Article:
The EU supports an emergency energy plan. Now to the next

The EU supports an emergency energy plan.  Now to the next
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The energy emergency in Europe will come a long way – and next winter could be even worse.

Friday’s ministerial meeting in Brussels reached an agreement on the bloc’s latest aid package. It’s one they hope will help protect homes and businesses from cripplingly high energy bills and the specter of blackouts this winter caused by Vladimir Putin’s war on Ukraine and his pressure on Europe’s gas supplies.

By previous standards, the plans are radical. But the European energy emergency has made what was once unthinkable inevitable.

Countries will ration electricity by 5 percent at peak times this winter, on top of earlier commitments to cut gas use. They also pledged to tax €140 billion in windfall profits from energy companies. This supports households and companies over the winter.

Before the ink dried on the deal, discussion among ministers immediately shifted to how far the bloc still needs to go.

“We have to do more,” said Energy Commissioner Kadri Simson after the summit – the third emergency meeting since July.

She promised that a new “EU-level market intervention” to contain gas prices would be part of the next package of measures. Exactly what that should look like is now the subject of heated debate within the block. It’s an argument that seems to drag on, even as the nights lengthen and temperatures drop.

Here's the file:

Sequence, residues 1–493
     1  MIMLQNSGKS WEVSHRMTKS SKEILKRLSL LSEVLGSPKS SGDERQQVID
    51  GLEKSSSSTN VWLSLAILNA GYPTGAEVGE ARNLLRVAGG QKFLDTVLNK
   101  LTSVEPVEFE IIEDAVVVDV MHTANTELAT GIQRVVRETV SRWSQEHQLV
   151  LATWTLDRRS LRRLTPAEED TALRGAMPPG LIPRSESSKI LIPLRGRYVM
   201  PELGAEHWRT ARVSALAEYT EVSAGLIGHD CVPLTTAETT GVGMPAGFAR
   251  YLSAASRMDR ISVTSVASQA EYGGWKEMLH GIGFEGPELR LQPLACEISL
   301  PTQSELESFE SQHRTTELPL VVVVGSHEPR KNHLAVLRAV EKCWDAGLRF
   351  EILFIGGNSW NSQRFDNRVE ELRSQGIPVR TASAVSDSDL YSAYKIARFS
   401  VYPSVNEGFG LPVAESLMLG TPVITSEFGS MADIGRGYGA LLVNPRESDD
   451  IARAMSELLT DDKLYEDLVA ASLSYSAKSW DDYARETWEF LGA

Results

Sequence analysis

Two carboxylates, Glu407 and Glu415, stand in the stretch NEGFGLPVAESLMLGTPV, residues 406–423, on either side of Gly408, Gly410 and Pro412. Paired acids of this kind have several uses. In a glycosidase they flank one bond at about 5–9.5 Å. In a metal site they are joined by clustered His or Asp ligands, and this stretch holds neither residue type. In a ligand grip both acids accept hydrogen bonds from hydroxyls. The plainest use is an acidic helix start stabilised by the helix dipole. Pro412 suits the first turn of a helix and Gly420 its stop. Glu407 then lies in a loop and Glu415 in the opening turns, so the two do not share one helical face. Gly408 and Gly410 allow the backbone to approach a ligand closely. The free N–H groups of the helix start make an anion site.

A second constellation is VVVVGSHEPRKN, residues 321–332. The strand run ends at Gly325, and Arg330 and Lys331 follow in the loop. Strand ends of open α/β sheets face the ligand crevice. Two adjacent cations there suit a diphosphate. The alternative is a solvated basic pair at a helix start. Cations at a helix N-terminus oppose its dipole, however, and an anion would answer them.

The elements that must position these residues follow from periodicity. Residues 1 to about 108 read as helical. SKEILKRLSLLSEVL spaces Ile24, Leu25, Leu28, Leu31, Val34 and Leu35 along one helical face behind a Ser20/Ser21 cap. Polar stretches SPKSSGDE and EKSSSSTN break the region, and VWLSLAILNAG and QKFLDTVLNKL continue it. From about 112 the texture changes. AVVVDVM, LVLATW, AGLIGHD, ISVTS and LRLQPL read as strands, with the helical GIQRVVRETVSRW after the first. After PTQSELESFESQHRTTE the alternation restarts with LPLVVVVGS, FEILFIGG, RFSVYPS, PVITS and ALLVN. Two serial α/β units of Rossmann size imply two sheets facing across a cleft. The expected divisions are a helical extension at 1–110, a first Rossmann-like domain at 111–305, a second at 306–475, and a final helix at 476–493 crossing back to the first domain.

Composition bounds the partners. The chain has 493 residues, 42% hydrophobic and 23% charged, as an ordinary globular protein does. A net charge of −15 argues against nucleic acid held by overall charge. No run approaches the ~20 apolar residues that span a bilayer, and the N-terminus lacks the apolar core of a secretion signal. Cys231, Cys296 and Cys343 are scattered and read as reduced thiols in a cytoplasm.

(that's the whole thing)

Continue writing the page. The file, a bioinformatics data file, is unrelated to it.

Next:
Ahead of Friday’s meeting, a group of 15 countries had written to the Commission calling for “EU-level market intervention” in the form of a bloc-wide cap on the price of all imported gas. They were frustrated by the response: an informal policy statement that left no room for meaningful progress on the issue at Friday’s summit.

Simson said the commission will work with countries ahead of next week’s informal EU summit in Prague to “develop” ideas on what the next intervention should look like. Possibilities including an EU-wide cap on the price of gas for electricity generation; Negotiating lower prices with gas suppliers from friendly countries such as Norway and Algeria; and capping the price of gas imports from Russia alone.

Jozef Síkela, Industry and Trade Minister of the Czech Republic, who chaired the summit, said he was ready to “convene as many extraordinary councils as necessary to implement the necessary legislative acts as quickly as possible”.

The next interventions in the gas market must, he said, “lower the price of gas without encouraging overconsumption. There is still a threat that there will not be enough petrol this winter or next.”

Following this week’s sometimes heated price cap discussions, maintaining EU unity will be another key priority.

Some countries pushing for a bloc-wide cap on gas imports were surprised when Germany, which opposes the measure, on Thursday announced a huge €200 billion package to protect its own homes and businesses from rising gas prices.

“Germany in particular can afford something like this,” said an EU diplomat. Italy went public with its concerns.

Síkela, who appears to be reading sentiment among countries, clearly stressed the importance of unity in his comments ahead of Friday’s summit.

“I expect unity and solidarity,” he said when asked about countries like Germany. “We are in a war, and the decisive battle will take place this winter. We must remain united and we need a high level of solidarity.”

Whatever drastic measures come next, everyone should buckle up for the long haul, a commission official said.

“The gas price cap discussion is being presented as a silver bullet by some member states,” the official said. “There’s no one-size-fits-all solution…this won’t be over any time soon. It won’t be easy either.”

Karl Mathiesen contributed the reporting.

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